Rollover accidents are perhaps the most dangerous type of incident that a driver or passenger can experience. This type of accident will almost always result in serious injury or fatality. Rollover accidents do not simply happen without some sort of predicate. Oftentimes, this predicate is the defective design of the vehicle that makes it more prone to rollover. Those who have suffered injuries or damages as a result of a vehicle rollover may be able to obtain compensation and damages under a product liability theory of recovery.
Rollollover accident and auto defect
What is a Rollover Accident?
A rollover occurs when a vehicle flips either onto its side or its roof. This can occur either as a result of impact or through vehicular maneuvers. Certain maneuvers, such as a double lane change, may cause the vehicle to rollover. Sometimes, this can occur due to driver error or malfeasance. For example, excessive speeding may precipitate a rollover. However, rollovers may also occur due to design defects in cars. According to the National Highway Traffic Safety Administration, SUVs are more prone to rollover than passenger cars because of their center of gravity. SUVs are taller and narrower than passenger cars which is a risk factor for a rollover. Pickup trucks have an even higher risk of rollover than do SUVs.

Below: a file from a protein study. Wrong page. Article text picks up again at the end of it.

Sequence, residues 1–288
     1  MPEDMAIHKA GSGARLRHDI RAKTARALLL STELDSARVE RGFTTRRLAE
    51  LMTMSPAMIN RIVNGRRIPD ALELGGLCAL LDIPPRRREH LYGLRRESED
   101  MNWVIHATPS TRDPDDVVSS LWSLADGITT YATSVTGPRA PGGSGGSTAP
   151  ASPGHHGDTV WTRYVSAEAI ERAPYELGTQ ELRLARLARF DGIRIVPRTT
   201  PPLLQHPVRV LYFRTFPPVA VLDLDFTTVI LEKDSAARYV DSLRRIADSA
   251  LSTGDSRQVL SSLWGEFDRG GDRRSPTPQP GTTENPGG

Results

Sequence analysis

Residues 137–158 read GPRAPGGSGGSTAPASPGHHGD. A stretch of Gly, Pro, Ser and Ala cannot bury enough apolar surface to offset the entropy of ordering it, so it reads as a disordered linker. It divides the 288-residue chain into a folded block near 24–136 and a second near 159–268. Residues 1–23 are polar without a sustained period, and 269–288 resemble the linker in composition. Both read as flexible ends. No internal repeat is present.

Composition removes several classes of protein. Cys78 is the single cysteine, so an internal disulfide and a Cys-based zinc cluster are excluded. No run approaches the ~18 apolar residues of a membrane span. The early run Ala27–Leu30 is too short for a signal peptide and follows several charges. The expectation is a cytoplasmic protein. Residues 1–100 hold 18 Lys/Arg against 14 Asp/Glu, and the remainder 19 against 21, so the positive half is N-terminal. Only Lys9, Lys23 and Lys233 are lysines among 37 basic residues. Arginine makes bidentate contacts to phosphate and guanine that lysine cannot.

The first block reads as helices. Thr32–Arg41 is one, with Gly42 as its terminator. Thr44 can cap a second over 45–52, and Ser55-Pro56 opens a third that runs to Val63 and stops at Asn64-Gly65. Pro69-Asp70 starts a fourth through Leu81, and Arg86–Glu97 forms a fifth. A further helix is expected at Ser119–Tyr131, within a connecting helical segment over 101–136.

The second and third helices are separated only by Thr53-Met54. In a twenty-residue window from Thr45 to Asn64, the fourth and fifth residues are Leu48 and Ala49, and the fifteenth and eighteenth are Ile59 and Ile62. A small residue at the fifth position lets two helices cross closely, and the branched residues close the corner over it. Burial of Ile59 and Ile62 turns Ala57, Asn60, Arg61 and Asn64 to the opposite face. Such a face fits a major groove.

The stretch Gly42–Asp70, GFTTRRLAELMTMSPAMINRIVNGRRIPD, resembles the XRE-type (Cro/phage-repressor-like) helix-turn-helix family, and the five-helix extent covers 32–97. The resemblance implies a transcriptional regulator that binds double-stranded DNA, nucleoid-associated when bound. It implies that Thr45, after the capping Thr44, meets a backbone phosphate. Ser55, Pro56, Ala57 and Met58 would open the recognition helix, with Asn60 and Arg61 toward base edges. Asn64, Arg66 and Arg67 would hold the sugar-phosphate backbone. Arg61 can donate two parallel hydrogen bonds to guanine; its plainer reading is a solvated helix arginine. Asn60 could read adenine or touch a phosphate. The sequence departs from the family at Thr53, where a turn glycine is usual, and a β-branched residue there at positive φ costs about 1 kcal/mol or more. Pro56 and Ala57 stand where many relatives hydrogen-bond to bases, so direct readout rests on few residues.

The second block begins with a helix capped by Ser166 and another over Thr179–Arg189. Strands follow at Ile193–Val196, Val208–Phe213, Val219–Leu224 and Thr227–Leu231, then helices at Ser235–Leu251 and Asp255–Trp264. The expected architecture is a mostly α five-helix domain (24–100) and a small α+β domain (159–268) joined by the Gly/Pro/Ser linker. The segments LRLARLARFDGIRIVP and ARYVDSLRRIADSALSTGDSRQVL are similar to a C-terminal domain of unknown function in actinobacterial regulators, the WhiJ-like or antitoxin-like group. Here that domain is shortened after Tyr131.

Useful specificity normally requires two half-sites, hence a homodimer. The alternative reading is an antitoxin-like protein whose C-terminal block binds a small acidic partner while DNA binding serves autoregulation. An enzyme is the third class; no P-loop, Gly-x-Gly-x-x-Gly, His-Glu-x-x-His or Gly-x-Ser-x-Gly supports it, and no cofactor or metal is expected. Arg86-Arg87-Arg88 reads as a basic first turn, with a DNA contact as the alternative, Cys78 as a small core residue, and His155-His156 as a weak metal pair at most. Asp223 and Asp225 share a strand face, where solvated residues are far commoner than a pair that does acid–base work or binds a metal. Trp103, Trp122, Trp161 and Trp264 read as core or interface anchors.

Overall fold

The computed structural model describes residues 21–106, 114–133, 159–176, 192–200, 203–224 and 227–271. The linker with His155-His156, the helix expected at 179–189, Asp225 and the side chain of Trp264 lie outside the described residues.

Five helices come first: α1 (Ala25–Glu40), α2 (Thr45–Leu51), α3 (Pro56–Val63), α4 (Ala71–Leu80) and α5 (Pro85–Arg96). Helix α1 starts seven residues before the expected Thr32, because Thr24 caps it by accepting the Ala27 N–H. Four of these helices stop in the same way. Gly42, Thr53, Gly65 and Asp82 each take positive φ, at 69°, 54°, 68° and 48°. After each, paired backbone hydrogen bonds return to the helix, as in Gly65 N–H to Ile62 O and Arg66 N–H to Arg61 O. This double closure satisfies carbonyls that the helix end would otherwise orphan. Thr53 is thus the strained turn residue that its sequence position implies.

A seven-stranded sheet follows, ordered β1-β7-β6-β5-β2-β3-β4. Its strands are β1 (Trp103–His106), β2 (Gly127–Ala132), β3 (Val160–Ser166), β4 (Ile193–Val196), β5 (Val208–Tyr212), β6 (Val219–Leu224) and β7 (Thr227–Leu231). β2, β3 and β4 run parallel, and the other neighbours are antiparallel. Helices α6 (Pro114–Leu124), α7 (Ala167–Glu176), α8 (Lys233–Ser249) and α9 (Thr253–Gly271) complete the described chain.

Design defects causing rollover accidents
The design defects that may cause a rollover could be a defective tire or faulty design or manufacturing. Vehicles that are overly top-heavy or that have weak roof structures can be more prone to rollover. In addition, certain design features in the car can make rollovers even more dangerous for a vehicle occupant than they already are. For example, a defective door latch can pop open during a rollover, magnifying the effect of the rollover. The roof may have been made with a material that cannot withstand a rollover. In any event, more than half of fatalities in SUV accidents are caused by vehicle rollovers. Every year, there are approximately a quarter of a million vehicle accidents that have a vehicle rollover.
Product Liability Theories
Car manufacturers may be held liable for damages and injuries caused by vehicle rollovers. There are several different type of product liability causes of action. The three primary theories of action are negligence, warranty and strict liability. All three of these theories could be applicable to vehicle rollovers. With regard to negligence, a plaintiff must prove that the manufacturer owed a duty to the plaintiff and breached that duty. Then the plaintiff must also show that the manufacturer was both the actual and proximate cause of the injury. Finally, the plaintiff must prove that they suffered actual injury. More likely, a plaintiff will be attempting to obtain recovery under the strict liability theory. This would be premised on the fact that there is a design defect in the vehicle. This would revolve around the showing that the vehicle was dangerous for its intended use and that the manufacturer could have made an alternate design that did not cost much more. This alternate design would have made the vehicle safer to operate. Manufacturers will almost always try to escape legal liability by arguing that the manner in which the driver was operating the vehicle was the cause of the injuries as opposed to any fault in design or action of the manufacturer.